May 29, 2020
You may be experiencing a heightened sense of emotional reactivity in response to the pandemic, possibly in the form of irritability, frustration, or even hopelessness. Research indicates a very high percentage of Americans are experiencing depression, many of them for the first time. Or conversely, you may be experiencing a feeling of numbness or distance from your feelings.
We believe one of the driving factors behind this is grief: that everyone is grieving something right now, whether they know it or not. It might be the loss of normalcy, a job, a loved one, or even something as seemingly “insignificant” as summer plans. Whatever it may be about, grief is under the surface for many people at this time.
We think of grieving as a process of letting go when something is lost. It's a very difficult emotion for many people, and most personalities have a way of avoiding this challenging feeling. For some, the feeling might be so unfamiliar that it is interpreted as weakness, which makes them mad. The grief morphs into anger, which allows them to feel more in control. For others, throwing themselves into work makes it possible to avoid uncomfortable feelings.
It’s natural to feel sadness about what has been lost, but there are many reasons people avoid sad feelings (and grief is the saddest of the sad feelings). Sometimes people fear they’ll be consumed with sadness, like falling down a well they can’t get out of. As a society, we don’t want to talk about sadness – it feels vulnerable and threatening. As individuals, we’ve been socialized to avoid “negative” feelings and we’ve learned to distract or “cheerlead” ourselves out of it to avoid making others feel uncomfortable.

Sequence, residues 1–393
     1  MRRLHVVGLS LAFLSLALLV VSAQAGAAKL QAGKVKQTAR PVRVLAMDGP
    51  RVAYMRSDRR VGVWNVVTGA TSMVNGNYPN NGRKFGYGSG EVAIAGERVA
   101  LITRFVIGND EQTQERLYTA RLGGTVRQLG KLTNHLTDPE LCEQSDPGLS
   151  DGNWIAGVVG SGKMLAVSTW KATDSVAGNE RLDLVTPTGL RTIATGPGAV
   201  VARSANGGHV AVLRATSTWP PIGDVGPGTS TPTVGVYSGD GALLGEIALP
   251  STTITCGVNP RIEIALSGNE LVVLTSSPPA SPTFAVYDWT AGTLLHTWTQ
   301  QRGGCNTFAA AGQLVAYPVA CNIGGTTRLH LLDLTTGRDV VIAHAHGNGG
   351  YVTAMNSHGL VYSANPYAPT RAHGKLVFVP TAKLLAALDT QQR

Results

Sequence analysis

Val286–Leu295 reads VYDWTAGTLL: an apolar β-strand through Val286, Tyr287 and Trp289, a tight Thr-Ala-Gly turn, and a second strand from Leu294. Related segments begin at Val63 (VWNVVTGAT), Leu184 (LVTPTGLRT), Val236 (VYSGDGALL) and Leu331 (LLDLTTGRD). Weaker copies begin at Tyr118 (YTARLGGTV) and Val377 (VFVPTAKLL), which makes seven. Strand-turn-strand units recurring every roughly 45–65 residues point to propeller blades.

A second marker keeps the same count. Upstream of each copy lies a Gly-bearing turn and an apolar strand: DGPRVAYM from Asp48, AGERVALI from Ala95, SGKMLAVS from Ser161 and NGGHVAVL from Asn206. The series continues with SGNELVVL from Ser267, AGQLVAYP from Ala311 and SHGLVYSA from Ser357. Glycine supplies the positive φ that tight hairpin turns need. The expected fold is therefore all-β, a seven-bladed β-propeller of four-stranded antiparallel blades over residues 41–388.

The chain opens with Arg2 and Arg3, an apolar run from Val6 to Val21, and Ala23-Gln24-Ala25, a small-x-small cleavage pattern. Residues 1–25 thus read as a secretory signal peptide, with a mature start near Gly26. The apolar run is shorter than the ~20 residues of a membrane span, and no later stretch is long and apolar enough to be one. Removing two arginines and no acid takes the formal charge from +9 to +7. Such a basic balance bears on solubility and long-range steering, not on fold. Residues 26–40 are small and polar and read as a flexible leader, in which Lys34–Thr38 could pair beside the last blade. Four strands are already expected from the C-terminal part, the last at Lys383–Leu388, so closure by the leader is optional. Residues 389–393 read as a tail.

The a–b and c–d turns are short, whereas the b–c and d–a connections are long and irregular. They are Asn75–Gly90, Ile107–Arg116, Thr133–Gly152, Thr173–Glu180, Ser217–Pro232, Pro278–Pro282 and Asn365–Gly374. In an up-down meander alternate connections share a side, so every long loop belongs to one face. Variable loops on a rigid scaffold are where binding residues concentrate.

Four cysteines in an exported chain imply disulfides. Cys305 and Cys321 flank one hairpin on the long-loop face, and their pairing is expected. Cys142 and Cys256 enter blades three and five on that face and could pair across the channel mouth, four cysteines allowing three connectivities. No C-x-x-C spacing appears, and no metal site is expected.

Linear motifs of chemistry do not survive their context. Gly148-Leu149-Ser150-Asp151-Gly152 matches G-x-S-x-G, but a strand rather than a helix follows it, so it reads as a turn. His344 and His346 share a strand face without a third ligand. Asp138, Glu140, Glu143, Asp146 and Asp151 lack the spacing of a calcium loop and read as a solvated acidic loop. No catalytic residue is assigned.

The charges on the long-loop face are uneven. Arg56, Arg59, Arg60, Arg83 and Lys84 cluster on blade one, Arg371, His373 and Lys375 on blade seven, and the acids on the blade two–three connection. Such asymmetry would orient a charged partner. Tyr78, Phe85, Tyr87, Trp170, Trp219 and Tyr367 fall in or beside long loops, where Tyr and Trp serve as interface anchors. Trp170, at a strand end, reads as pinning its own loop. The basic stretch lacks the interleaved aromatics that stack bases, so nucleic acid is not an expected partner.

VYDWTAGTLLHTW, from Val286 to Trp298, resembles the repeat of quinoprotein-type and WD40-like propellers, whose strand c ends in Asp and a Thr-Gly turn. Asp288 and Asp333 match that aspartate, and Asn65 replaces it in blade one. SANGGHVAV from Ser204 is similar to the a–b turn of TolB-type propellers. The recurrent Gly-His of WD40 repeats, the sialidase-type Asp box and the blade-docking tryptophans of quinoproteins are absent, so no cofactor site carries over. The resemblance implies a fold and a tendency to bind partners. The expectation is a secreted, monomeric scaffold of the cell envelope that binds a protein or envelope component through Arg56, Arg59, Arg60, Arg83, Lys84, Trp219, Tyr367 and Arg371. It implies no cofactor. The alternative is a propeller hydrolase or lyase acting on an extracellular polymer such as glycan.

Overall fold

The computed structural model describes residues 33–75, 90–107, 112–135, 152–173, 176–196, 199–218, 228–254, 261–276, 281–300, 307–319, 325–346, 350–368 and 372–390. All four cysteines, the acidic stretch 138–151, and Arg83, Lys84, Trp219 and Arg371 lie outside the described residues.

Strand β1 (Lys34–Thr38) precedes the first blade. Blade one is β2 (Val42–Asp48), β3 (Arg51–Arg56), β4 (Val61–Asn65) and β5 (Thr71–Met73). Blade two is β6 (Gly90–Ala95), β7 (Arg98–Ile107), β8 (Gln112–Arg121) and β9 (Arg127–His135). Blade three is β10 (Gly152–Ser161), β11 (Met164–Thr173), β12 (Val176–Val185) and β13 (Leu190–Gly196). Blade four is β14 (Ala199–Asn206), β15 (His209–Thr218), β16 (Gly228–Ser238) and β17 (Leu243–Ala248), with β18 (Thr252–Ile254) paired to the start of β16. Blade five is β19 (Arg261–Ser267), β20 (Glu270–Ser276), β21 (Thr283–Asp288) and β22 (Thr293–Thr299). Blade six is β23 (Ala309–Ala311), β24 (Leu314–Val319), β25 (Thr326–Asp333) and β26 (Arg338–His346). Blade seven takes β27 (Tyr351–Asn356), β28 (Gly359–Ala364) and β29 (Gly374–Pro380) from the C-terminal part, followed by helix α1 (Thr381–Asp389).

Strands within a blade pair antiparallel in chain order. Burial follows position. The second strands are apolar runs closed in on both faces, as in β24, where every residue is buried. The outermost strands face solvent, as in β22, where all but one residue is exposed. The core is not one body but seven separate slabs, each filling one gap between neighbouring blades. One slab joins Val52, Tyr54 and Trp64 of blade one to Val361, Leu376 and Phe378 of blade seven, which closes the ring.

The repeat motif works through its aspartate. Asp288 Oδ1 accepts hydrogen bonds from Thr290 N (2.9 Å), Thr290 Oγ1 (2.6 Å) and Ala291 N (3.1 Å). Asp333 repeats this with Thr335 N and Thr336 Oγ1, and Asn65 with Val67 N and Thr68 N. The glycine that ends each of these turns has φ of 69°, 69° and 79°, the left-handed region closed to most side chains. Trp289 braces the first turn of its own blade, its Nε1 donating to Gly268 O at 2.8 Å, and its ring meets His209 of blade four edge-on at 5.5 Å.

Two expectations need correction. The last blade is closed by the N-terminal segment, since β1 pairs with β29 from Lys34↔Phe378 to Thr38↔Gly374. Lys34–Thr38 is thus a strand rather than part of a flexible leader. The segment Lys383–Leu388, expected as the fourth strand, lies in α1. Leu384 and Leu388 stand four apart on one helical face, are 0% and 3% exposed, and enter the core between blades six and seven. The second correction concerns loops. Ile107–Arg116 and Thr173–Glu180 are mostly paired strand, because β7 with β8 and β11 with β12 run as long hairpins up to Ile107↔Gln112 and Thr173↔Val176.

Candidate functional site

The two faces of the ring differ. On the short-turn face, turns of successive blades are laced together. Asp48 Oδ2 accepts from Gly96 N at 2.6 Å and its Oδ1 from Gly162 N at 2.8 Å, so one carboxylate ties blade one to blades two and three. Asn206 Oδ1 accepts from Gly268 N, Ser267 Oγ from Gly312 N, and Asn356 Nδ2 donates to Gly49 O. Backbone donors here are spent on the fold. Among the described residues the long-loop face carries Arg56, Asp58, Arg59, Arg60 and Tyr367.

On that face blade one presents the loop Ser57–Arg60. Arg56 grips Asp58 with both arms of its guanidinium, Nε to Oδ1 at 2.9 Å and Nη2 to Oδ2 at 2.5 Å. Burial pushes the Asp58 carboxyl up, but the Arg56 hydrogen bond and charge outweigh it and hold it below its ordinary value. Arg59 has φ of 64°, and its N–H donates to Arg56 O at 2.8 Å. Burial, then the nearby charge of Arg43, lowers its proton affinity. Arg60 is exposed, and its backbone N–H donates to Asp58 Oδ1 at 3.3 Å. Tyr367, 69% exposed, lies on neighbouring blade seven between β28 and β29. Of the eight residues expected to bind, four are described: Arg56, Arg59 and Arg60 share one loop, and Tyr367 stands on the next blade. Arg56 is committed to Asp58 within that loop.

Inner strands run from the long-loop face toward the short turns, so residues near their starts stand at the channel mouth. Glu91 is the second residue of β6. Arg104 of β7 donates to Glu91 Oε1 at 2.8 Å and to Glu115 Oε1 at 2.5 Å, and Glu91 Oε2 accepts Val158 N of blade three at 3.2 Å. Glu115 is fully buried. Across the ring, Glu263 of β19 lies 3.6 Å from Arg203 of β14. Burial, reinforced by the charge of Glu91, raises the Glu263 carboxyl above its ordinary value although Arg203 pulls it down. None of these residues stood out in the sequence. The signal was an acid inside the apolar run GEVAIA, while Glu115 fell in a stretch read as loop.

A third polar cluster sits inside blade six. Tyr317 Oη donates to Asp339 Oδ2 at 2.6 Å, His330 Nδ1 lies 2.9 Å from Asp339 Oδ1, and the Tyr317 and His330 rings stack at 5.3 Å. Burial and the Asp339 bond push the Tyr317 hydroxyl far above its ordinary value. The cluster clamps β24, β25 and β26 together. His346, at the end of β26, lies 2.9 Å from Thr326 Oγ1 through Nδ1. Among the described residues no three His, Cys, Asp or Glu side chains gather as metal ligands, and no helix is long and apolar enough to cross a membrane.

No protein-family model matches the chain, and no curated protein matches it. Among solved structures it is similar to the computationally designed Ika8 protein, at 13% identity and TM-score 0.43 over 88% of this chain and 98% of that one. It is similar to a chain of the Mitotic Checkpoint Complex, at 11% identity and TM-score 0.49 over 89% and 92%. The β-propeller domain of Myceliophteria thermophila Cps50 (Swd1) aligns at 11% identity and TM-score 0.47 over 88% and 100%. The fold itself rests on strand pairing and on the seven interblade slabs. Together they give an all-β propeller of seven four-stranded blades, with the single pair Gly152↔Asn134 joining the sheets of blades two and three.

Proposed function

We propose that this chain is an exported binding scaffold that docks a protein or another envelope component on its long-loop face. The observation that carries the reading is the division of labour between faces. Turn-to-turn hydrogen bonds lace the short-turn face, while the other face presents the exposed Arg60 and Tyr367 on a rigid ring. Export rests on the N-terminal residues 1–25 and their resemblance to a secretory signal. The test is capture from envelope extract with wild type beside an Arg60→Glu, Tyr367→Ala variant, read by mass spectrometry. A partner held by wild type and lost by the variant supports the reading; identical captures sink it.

But here’s the thing: grief is the gateway to the heart center, and you need contact with your heart center to not just feel all your feelings, but also to connect with your imagination and creativity. If you’re not willing to feel all of your feelings (the most difficult of which is grief), your emotional range will be constricted. Your grief, if left unprocessed or ignored, might also “leak out” and morph into other forms such as anger, resentment, or anxiety.
The most important aspect of grief is recognizing it, processing it, and spending time in the practice of letting go, sometimes by slow degrees and always with self-compassion. As we let go and begin to move forward, something new becomes available.
So we encourage you to ask yourself, with gentle self-compassion, "What have I lost that I may be grieving?" Spend some time reflecting on this question and how it might be playing a role in your life as you go into the weekend.